Nobel Peace Prize winner Malala Yousafzai speaks at Las Vegas tech conference
Nobel Peace Prize winner Malala Yousafzai, who was shot by the Taliban on her way home from school in Pakistan after advocating for girls' education, spoke at VMworld 2018 at Mandalay Bay. (K.M. Cannon/Las Vegas Review-Journal)
MGM Resorts International CEO Jim Murren addresses Oct. 1 lawsuits
MGM Resorts International Chairman and CEO Jim Murren addresses criticism his company has received for filing a lawsuit against the survivors of the Oct. 1 shooting. (K.M. Cannon/Las Vegas Review-Journal)
Father recalls the night his 14-year-old son died jumping into moving traffic
From the Clark County Detention Center, Ezequiel Anorve Serrano talks about the night his 14-year-old son, Silas Anorve, died jumping into moving traffic on U.S. 95. (Marcus Villagran/Las Vegas Review-Journal) @brokejournalist
Palace Station unveils new sports book
Palace Station talks about the new sports book Thursday, August 23, 2018. (Marcus Villagran/Las Vegas Review-Journal) @brokejournalist
One of world's longest racetracks planned in Pahrump by 2020
The racetrack will be 16 miles long by the year 2020 according to Spring Mountain Motor Resort and Country Club owner John Morris. (Marcus Villagran/Las Vegas Review-Journal) @brokejournalist
Henderson police bodycam footage of officer-involved shooting
Henderson police released body-worn camera footage of an officer-involved shooting in a grocery store parking lot at 2667 Windmill Parkway on Aug. 12, 2018. (Henderson Police Department)
Robotics takes off at Las Vegas Academy
Las Vegas Academy’s robotics team made it all the way to the world competition last year, the first year the team competed. Zackary Perry describes how they programmed their robot to compete. The team is an example of what Tesla wants to have in every school in the state. (Meghin Delaney/Las Vegas Review-Journal)
Bicyclist suffers major head trauma in hit-and-run
A bicyclist was hospitalized with life-threatening injuries after a Thursday morning hit-and-run crash near the school formerly known as Agassi Prep. Police said the bicyclist was hit by a white SUV, which fled the scene. The injured man suffered multiple injuries including major head trauma. As of 9 a.m., Lake Mead remained closed between Martin Luther King and Revere Street while police investigate.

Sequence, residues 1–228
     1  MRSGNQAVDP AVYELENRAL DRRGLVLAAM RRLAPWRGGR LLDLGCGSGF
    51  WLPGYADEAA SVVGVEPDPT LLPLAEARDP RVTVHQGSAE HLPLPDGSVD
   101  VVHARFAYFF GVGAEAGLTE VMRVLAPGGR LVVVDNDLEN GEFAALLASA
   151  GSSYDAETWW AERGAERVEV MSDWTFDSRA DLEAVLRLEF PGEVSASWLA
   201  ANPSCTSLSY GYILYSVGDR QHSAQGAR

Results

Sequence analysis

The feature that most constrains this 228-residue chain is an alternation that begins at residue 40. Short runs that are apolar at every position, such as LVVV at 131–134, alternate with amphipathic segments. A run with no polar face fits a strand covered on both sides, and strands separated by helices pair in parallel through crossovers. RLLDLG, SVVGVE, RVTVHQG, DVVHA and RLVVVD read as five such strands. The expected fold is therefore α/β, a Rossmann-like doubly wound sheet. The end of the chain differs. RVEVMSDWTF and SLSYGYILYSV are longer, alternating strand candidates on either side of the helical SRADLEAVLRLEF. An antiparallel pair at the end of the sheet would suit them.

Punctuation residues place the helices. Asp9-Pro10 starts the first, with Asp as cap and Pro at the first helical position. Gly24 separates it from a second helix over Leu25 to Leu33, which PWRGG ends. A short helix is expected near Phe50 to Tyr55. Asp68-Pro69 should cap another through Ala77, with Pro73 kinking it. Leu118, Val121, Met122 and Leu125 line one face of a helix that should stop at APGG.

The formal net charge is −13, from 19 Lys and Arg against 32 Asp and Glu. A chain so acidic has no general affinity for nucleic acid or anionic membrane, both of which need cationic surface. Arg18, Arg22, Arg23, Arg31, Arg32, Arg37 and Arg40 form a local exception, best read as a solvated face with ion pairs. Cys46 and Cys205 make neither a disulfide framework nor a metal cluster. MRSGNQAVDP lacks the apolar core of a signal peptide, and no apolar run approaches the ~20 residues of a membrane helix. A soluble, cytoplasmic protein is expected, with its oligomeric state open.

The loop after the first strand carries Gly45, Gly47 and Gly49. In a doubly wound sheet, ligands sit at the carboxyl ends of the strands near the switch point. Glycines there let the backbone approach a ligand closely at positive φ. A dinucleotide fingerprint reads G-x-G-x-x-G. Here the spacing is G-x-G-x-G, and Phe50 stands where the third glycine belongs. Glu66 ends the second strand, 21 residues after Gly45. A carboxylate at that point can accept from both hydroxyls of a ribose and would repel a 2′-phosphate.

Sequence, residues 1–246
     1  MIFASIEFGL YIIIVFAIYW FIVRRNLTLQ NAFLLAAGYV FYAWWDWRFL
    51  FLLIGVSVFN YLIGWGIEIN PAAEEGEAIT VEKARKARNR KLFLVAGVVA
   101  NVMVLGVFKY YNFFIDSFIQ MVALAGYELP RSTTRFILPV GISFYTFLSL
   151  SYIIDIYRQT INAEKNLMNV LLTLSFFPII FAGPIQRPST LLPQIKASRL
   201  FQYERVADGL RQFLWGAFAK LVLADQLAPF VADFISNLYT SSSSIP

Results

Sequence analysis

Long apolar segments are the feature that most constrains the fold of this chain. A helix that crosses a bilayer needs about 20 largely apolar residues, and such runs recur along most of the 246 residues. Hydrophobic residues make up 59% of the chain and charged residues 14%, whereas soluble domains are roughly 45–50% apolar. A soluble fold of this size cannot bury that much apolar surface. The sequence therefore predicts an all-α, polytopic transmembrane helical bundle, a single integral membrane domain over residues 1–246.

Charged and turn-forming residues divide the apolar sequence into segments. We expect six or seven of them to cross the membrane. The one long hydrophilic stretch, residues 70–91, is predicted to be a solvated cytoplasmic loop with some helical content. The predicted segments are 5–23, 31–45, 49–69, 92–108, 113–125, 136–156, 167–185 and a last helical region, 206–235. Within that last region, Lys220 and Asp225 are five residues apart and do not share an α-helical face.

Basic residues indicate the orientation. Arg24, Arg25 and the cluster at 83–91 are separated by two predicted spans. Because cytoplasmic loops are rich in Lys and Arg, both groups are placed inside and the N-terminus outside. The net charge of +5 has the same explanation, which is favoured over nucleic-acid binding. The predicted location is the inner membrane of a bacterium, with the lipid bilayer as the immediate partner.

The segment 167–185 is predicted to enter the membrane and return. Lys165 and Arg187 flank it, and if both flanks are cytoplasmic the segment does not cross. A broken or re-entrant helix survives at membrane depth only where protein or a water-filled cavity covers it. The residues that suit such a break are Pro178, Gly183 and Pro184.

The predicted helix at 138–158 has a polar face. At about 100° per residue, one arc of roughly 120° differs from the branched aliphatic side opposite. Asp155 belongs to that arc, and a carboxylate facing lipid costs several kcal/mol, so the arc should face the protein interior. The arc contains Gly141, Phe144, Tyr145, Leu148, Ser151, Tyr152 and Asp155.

Las Vegas artist Dave Dave dies at 42
Dave Dave talks about his art and his life in 2016. (Michael Quine/Las Vegas Review-Journal)
Dave Dave, whose dad set him on fire in 1983, dies
Dave Dave, a respected Las Vegas artist who was badly scarred as a boy when his father tried to burn him to death in Southern California, died at Sunrise Hospital on July 15. He was 42. When he was 6, Dave's father tried to kill him by setting him on fire. He was given a sleeping pill and his bed at a Buena Park, California, motel was doused with kerosene. “I remembered being in a lot of pain,” Dave told the Review-Journal in 2016. “When stuff happens to you at that young of an age, you tend to block it out, but I remember the pain was excruciating.” Dave, who was born David Rothenberg, became close friends with Michael Jackson, who met him after the attack, which burned more than 90 percent of his body. “I wanted to meet him, and he wanted to meet me, and that just turned into a lifelong relationship that never ended,” Dave said. “It was amazing being friends with Michael Jackson. He was an amazing person.” Dave attended ArtCenter College of Design in Pasadena, California, and collaborated with various artists around Las Vegas, eventually selling his art to private collectors. Despite his challenges, he continued to live, thrive and create. Dave Dave
Homicide detectives investigate woman's death
Las Vegas police were called to Tahiti Village Resort early Wednesday after calls that someone had been shot. Police found a woman’s body between a parking garage and boiler room on the resort's property. A guest first reported hearing gunfire. There are no witnesses, but police will examine surveillance videos and look for clues. The woman was not identified, but a purse was found near the body. She did not appear to be a guest at the resort.
LVMPD Discusses Ross Dress for Less Shooting
LVMPD Assistant Sheriff Charles Hank discussed the 15th officer-involved shooting of the year at a press conference at Metro headquarters on Tuesday, Aug. 14. The active-shooter incident took place at the Ross Dress for Less store at the 4000 block Blue Diamond Road in the south Las Vegas Valley. (Madelyn Reese/ Las Vegas Review-Journal)
Metro Asst. Sheriff Brett Zimmerman on Aug. 8 officer-involved shooting
Metropolitan Police Department Assistant Sheriff Brett Zimmerman met with media Monday to discuss the details of the 14th officer-involved shooting of the year. (Madelyn Reese/ Las Vegas Review-Journal)
Clark County School Board president Deanna Wright on travel expenses
Clark County School Board President Deanna Wright says she followed proper expense protocol in trip to Florida last year.
Matt Kelly Elementary School hosted its third annual Back-to-School Red Carpet Program
Matt Kelly Elementary School hosted its third annual Back-to-School Red Carpet Program where community and business leaders joined to welcome students back with an inspirational welcome. Bizuayehu Tesfaye/Las Vegas Review-Journal @bizutesfaye
Shooting leaves 1 dead in southeast valley
A man was found fatally shot in the doorway of a squatter apartment after an argument ended in gunfire on Sunday night. Officers responded about 10:30 p.m. to the Silver Pines apartments and discovered the man in a breezeway in one of the buildings. The wounded man died at the scene, despite the efforts of another person, who tried to administer medical aid. Witnesses saw a man and a woman flee the scene, but were unable to give police a clear description.
TOP NEWS
News Headlines
Add Event
Home Front Page Footer Listing
Circular
You May Like

You May Like